April 18, 2013
Scarlet by Marissa Meyer
by Marissa Meyer
Feiwel and Friends
Scarlet is about to make a delivery when a message comes through on her portscreen. Although her grandmother has been missing for two weeks, and someone cut out her identity chip before taking her, the police have decided that there is no evidence of a crime. Her grandmother, according to the police, left on her own.
But Scarlet knows that her grandmother wouldn’t just disappear. She has worked too hard to build up this farm in France where Scarlet has lived since she was a child. Grandmother would not just leave. Something must have happened, but what?
Scarlet makes the vegetable delivery and meets one of the customers of the cafe, a young street fighter known as Wolf. In spite of his good looks, something about him makes her uneasy and she turns down his request for a job.
Eventually, Wolf tells her that he knows something about her grandmother, but at that point Scarlet has seen him fight. There is something about him that is strangely animal as if he was truly predatory. Who is he and what is the Order of the Pack? Can she really trust him?
Meanwhile, Cinder (whom readers met in Book 1 of this series, The Lunar Chronicles) is working to break out of jail. She has been helped by a benefactor who gave her a special new cyborg hand. Unlike the old one, which was merely functional, this one has some special surprises.
But breaking out of prison isn’t as easy as she hoped and she ends up taking another prisoner with her — Thorne is vain but intelligent and just happens to have a space worthy ship, something Cinder will need once she gets out of prison. Can she trust him or should she use her Lunar glamour and just steal the ship?
The two story-lines intertwine with that of Emperor Kai, the young man Cinder encountered and fell for in Book 1. Can he save his kingdom without marrying in evil Lunar queen? She offers him one out. Find the escaped Cinder and turn her over for Lunar justice.
Kai still can’t believe that he didn’t know Cinder was both cyborg and Lunar. How could she trick him so completely?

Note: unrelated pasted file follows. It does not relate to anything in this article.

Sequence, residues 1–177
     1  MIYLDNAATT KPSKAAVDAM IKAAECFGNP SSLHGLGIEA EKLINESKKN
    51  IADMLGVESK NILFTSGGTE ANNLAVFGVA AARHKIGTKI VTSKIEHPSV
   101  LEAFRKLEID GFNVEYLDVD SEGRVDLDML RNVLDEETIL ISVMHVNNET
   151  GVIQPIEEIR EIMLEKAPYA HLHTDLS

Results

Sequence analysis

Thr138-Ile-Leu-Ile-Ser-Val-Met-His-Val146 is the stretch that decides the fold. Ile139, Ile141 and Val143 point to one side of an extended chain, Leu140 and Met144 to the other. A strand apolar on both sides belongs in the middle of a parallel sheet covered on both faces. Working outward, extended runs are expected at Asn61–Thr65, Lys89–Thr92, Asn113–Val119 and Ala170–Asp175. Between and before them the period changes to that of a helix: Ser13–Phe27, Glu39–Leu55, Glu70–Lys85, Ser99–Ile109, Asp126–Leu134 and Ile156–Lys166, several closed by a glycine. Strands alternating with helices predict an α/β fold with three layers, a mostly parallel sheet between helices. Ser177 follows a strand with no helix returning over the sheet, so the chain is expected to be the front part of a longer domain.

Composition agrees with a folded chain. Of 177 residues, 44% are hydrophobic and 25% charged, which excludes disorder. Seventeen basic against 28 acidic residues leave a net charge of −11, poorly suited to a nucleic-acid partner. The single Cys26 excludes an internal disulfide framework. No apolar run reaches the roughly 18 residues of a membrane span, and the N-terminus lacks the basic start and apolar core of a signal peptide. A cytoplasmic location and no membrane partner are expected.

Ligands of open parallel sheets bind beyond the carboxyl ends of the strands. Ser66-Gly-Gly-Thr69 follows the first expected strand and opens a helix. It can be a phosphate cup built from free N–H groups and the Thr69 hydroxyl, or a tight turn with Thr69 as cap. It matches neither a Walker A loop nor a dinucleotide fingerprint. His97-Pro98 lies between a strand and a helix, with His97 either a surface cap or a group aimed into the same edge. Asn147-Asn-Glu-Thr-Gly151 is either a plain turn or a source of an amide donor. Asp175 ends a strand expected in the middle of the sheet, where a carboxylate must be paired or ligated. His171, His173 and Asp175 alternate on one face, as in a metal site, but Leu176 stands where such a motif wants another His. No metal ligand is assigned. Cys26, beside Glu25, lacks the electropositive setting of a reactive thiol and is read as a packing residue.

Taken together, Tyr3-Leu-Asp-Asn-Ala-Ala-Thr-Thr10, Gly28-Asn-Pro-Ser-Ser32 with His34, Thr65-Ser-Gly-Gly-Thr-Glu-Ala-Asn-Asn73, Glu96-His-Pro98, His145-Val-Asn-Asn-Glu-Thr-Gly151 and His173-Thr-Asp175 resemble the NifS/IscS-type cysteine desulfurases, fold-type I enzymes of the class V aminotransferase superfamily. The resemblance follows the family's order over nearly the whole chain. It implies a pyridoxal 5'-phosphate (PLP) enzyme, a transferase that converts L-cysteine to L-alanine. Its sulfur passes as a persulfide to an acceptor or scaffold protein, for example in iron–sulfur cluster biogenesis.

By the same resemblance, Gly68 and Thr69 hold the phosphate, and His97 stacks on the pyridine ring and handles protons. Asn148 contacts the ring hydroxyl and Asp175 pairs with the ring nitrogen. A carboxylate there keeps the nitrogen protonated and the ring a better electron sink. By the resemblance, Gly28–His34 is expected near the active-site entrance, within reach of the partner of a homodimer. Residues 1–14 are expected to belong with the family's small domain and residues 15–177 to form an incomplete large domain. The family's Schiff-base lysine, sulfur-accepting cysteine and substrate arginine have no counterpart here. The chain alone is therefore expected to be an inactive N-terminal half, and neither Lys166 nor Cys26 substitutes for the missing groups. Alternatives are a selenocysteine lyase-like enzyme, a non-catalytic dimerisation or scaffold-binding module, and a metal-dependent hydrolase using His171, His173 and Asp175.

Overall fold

Although he knows he should be focused on finding her, he simply can’t bring himself to wish for that end.
It takes a strong storyteller to weave together multiple story lines but Meyer does it in Scarlet. Two of the lines merge flawlessly into one and the reader can see the third one coming into sight as the book ends. What will happen in Book 3?
But this isn’t one of those endings that disappoints. By the end of the book, Scarlet has found her grandmother and Cinder has escaped and found the person she was told could help. That said, neither girl finds the resolution she had hoped to find and they both learn shocking things about their pasts.
Meyers characters are fully developed and contain a believable mix of both good and bad, not so much bad that you can’t root for them but enough to make them both believable and interesting.
With a reading level of 5.3, this is a book that older elementary students could tackle. There’s a good bit of romance but nothing sexual, beyond serious kissing, happens on screen although there are several points where you think that it may.
Clearly, this book was inspired by Little Red Riding Hood. The main character is Scarlet and she wears a red hoody. She must save her Grandmother. There is a wolf. But don’t expect more than that. Meyer’s has played freely with the story line which probably makes for a more satisfying whole.
In spite of the book’s size, 452 pages, it is a quick read but that ‘s mostly because you won’t get a whole lot done until you finish. Realize, that is a warning.